A Dutch company is marketing “GreenPee,” a stand-alone urinal that requires no plumbing or sewer connection. GreenPee is a planter with vegetation growing out if it. On the side is an opening with a target zone for a person to aim at. Inside the planter is hemp which captures the urine. Amsterdam says that since they began installing GreenPee planters in 2018, wild peeing has been reduced by half. (They have also installed a few retractable urinals for women.) The hemp-urine mixture is composted and becomes a phosphate-rich organic fertilizer.
The GreenPee has a reservoir to collect rainwater for the greenery at the top of the unit. The planters also attract bees and other insects that are necessary for a healthy ecosystem.
GreenPee not only gives people something to aim at, but also converts that urine into something useful. A few of these could be helpful in our cities’ tent encampments.
Major League Baseball teams are playing sixty-game schedules for the 2020 season. Games are played in empty ball parks, no spectators in attendance.
The San Francisco Giants, and many other teams, are filling the ball park seats with life-size photograph cutouts. For $99, a Giants fan can have a photo representation of her or his self occupying a seat in the grandstand. A purchaser has the option of requesting a seat near a famous Giant (Willie Mays or Willie McCovey, anyone?) or other Bay Area celebrity (Jerry Rice or Jerry Garcia, for examples).
Every other year, fans attending San Francisco Giants night games at PacBellSBCAT&T Oracle Park could always count on the late-inning arrival of hungry seagulls swooping around just above the ball field, anxious for the crowd to leave so they could attack the left-behind food detritus.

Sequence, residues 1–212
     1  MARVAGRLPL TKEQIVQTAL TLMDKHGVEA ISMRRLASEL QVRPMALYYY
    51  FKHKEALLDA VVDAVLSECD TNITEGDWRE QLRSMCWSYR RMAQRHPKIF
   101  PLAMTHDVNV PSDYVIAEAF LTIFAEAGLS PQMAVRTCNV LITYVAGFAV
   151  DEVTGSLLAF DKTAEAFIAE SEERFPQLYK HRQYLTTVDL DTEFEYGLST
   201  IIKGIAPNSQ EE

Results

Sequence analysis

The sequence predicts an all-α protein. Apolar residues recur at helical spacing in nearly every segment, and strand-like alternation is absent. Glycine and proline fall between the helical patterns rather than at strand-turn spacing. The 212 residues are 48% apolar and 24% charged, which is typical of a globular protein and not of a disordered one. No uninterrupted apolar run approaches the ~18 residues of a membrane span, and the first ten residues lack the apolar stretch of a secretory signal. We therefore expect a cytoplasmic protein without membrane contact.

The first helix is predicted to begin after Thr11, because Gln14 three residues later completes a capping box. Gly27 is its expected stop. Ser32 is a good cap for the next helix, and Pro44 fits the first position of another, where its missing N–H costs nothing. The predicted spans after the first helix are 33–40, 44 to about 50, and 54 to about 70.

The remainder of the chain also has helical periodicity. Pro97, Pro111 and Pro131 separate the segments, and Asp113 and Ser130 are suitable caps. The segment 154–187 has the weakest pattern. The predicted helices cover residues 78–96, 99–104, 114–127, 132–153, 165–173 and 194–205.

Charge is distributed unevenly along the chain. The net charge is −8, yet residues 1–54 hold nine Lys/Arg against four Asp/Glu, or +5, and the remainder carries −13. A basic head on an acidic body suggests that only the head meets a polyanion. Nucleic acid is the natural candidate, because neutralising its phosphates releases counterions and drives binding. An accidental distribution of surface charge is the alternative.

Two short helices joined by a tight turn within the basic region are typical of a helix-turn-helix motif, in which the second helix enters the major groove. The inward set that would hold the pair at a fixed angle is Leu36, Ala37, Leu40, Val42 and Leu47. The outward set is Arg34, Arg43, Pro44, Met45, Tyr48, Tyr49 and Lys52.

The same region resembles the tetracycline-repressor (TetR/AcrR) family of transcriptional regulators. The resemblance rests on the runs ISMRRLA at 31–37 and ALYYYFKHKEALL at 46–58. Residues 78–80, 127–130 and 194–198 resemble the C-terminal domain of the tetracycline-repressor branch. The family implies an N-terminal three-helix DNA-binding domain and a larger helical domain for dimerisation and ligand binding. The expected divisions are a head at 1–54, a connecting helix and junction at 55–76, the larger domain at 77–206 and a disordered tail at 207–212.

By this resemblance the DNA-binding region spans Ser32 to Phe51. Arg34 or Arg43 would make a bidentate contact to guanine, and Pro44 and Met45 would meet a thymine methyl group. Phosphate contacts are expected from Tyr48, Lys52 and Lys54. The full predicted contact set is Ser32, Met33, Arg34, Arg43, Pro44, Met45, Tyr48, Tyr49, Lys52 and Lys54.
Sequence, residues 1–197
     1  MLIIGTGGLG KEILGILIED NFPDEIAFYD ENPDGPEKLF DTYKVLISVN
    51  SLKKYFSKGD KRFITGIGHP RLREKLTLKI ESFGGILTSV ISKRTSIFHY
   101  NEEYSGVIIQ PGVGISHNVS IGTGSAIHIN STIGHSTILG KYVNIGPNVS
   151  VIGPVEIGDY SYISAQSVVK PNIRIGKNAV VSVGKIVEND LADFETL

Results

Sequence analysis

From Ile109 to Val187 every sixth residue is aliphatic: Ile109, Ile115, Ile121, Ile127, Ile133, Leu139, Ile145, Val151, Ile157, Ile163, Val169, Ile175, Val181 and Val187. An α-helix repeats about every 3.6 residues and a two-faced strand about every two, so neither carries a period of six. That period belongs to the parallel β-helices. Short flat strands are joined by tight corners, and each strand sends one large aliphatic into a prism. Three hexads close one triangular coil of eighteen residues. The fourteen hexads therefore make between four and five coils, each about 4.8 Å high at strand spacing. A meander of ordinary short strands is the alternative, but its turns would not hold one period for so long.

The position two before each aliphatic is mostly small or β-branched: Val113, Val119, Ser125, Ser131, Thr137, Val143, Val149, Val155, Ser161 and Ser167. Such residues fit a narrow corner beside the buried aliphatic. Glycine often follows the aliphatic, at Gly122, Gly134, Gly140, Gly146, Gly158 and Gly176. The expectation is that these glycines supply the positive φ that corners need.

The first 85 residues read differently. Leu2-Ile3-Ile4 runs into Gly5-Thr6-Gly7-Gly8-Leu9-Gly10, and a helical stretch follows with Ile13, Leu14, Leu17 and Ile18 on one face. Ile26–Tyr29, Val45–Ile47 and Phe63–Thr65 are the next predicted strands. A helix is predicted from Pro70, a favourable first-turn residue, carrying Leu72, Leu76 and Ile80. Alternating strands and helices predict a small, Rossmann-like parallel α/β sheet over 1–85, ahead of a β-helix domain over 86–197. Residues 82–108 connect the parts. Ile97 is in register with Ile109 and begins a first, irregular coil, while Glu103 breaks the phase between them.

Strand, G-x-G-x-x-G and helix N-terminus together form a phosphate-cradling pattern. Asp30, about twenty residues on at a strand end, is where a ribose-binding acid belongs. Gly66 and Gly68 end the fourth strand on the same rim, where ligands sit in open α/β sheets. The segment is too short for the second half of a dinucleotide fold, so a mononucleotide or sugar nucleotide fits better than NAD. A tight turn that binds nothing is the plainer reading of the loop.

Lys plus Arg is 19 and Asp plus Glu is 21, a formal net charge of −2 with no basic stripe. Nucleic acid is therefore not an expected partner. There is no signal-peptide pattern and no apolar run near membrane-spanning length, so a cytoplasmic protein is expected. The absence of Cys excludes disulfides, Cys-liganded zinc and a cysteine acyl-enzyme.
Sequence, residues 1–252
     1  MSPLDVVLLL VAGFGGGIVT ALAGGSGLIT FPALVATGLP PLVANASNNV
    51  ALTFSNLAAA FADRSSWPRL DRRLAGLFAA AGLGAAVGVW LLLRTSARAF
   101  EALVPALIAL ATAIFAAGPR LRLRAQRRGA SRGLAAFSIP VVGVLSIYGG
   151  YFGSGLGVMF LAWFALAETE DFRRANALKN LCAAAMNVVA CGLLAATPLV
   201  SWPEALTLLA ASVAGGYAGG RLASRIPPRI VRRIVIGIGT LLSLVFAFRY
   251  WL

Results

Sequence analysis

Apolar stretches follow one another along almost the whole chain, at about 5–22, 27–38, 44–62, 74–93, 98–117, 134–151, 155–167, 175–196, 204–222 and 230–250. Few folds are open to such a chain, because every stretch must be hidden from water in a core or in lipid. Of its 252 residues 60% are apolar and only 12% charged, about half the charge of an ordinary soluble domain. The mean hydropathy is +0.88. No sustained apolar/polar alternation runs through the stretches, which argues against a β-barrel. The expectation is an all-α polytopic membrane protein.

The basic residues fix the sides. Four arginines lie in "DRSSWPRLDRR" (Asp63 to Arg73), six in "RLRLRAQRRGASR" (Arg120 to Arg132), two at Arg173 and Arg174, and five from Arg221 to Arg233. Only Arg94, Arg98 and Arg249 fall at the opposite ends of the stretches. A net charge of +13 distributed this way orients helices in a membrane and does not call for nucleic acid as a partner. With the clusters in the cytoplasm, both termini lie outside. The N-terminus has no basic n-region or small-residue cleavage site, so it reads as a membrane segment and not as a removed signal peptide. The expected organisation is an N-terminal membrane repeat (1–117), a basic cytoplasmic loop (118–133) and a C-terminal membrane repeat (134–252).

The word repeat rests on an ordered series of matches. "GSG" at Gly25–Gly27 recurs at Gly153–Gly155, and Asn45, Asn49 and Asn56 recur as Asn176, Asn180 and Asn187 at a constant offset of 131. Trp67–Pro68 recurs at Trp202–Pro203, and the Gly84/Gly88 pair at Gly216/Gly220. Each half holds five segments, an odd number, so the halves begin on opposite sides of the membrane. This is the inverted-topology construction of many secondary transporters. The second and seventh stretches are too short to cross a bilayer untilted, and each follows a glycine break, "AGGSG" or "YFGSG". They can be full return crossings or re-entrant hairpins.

No more. The gulls quickly realized no fans means no food and that presumedly are looking elsewhere for gourmet gull food. With no live people or birds, Giants management has done the only sensible thing. High up in the bleachers are cutouts of seagulls. No word on how the birds paid their $99, though.
So far, the Giants appear to be in little danger of playing more than sixty games. Sixteen teams will be in the post-season playoffs; not likely, the Giants will be one of those sixteen.
Portland has been the recipient of invective from the right-wing noise machine and has suffered physical abuse from Department of Homeland Security border/immigration secret police. But the City of Roses does not harbor grudges. This week it hosted an art installation honoring the current occupant of the White House.
Living statues, covered in gold (of course!) appeared on the downtown waterfront one morning.
The Portland display was the work of the Trump Statue Initiative, their second. Their first presentation appeared mid-July in Washington D.C.
Titled Ode to Putin, the exhibition of three living statues was gone by afternoon.